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Selkirk Doon lives in the northern USA, plays in a rock and roll band and believes it is a writer's duty to write what's in his (or her) soul, and not just what is selling these days.
on May 07, 2013 :
Return of the Beat
In the beat style of truth-seeking ramble for the sake of rambling while seeking the truth, this is an honest line. Moss, the protagonist, narrates the days of his life like scenes going by his window, and he frequently turns the mirror on himself. He is self-absorbed and cynical, and not a very likable character. But as he eviscerates all the people he encounters down to the bare skeleton and then fleshes them back together again, we begin to wonder if it is really him that is the problem. Is it possible that he absorbs the suffering of others, only to transform it to hate and fling it back in our faces? Maybe being an insensitive young man is his coping mechanism, and he would commit suicide if he had to internalize the pain and keep it.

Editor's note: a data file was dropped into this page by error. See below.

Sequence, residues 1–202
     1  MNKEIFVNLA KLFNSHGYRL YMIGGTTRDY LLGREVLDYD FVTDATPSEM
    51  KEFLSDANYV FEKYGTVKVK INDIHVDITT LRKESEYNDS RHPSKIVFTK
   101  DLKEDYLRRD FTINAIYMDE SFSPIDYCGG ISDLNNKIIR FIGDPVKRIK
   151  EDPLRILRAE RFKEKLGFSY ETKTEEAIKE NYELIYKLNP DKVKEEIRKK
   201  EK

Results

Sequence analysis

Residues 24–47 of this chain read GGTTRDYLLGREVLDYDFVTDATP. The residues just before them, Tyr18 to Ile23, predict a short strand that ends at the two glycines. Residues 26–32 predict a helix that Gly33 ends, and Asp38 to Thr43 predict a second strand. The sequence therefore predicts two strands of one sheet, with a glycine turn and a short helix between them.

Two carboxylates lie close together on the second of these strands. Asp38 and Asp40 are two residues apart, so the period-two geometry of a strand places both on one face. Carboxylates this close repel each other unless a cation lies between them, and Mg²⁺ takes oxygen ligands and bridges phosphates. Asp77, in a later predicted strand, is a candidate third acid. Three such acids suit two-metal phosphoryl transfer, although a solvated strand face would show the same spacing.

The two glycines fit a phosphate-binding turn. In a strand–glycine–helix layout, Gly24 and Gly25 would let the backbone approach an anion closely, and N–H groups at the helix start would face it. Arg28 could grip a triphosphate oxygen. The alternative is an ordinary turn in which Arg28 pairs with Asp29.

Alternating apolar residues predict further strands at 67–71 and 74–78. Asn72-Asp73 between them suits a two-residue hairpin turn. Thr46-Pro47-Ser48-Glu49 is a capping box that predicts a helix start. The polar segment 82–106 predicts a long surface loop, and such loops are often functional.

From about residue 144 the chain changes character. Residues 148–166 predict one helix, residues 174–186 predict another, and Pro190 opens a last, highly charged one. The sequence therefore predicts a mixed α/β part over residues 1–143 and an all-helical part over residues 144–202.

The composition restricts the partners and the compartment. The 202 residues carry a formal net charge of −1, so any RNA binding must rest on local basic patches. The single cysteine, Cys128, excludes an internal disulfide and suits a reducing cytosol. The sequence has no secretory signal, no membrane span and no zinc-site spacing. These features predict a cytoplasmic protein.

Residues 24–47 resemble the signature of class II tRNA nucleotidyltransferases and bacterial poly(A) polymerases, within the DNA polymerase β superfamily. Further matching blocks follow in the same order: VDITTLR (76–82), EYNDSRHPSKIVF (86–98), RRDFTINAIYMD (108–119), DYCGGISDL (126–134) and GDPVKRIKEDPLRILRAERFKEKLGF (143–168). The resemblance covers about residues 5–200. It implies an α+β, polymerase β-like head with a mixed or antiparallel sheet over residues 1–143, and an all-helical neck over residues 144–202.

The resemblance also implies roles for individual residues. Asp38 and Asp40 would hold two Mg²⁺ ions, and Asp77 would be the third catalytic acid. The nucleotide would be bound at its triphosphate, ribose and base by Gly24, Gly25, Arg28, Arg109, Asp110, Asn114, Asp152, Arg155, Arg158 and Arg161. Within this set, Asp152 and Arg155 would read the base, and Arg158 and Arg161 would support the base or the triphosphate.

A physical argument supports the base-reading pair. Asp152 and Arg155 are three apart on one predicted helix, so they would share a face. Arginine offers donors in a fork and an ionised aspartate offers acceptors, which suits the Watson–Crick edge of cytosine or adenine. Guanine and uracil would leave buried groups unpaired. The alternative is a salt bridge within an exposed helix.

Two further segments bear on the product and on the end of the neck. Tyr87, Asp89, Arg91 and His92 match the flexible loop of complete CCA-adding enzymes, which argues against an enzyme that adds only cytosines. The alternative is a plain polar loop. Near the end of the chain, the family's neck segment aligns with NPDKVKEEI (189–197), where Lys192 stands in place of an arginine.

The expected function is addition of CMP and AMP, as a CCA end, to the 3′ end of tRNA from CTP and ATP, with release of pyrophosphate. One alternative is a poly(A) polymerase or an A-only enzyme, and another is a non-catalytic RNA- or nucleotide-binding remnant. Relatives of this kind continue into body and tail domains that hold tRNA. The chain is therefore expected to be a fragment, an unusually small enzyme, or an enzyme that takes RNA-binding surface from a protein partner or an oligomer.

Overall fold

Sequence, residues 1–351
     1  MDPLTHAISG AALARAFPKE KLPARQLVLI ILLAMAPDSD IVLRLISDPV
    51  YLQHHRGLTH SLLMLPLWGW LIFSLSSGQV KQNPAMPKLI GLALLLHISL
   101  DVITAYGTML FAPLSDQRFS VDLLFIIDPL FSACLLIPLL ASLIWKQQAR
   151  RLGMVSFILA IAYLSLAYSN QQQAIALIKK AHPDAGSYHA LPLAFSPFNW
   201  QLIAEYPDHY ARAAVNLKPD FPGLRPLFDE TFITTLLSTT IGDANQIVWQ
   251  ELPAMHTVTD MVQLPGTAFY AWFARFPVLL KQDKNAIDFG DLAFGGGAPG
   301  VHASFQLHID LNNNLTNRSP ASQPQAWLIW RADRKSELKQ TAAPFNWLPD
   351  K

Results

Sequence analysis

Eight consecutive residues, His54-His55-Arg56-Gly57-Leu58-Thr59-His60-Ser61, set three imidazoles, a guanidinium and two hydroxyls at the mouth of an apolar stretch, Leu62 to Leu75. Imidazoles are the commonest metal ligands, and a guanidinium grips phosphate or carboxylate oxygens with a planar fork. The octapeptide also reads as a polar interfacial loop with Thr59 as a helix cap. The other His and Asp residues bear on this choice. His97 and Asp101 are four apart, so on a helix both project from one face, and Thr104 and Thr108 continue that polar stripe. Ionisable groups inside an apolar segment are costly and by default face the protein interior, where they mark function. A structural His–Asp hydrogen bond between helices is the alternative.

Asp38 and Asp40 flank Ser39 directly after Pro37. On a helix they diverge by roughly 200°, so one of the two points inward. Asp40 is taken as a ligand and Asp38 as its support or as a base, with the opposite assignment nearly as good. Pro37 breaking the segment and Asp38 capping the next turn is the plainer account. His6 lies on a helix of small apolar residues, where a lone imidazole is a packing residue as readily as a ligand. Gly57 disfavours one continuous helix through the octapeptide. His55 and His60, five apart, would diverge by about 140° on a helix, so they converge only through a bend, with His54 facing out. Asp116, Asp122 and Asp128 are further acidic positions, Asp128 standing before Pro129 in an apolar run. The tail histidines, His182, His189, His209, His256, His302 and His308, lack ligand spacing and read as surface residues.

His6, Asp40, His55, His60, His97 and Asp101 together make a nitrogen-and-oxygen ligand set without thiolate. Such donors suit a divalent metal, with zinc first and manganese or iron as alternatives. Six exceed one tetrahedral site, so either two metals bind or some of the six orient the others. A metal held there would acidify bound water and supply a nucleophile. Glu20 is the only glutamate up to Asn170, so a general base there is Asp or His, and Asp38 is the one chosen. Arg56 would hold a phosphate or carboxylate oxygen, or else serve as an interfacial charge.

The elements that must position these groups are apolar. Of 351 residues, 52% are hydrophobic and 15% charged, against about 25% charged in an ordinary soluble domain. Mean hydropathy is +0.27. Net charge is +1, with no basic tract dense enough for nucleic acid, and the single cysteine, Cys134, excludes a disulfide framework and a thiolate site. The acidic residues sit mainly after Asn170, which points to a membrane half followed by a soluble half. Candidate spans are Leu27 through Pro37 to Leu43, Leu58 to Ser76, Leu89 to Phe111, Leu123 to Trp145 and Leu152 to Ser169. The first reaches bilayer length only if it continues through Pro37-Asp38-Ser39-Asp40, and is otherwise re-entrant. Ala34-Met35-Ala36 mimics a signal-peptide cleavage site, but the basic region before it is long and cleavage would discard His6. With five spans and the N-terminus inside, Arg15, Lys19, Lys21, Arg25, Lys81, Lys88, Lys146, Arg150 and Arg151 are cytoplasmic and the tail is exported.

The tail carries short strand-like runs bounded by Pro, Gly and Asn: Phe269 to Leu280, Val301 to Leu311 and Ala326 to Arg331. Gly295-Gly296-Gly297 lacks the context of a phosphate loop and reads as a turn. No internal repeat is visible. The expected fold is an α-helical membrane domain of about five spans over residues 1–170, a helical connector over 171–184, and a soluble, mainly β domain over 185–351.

Whatever the case, this is nothing if not character-driven, and the clarity of conscience is astonishing. There is no plot or Master Plan, but those things are antithetical to this hero's journey anyway. It is virtually timeless except for the occasional political reference. It's in some city in the American Heartland, but not any one of them in particular.
This book analyzes desperation and the human experience, ultimately affirming that Man is a bad animal. It reminds us that we look away from the homeless and go on killing time, but somewhere deep down, there's a sick little cringing feeling inside. We really don't care about that wasted, suicidal soul on the street-- but we should, but we don't. There is a lie that gets covered up. That's what's eating Moss. He may know that too, and when he thinks too much about it, he plays guitar. And it must be a sharply struck E7 that takes the pain away, and makes other people feel better too, just for a little while, just as long as the E7 rings.
(reviewed the day of purchase)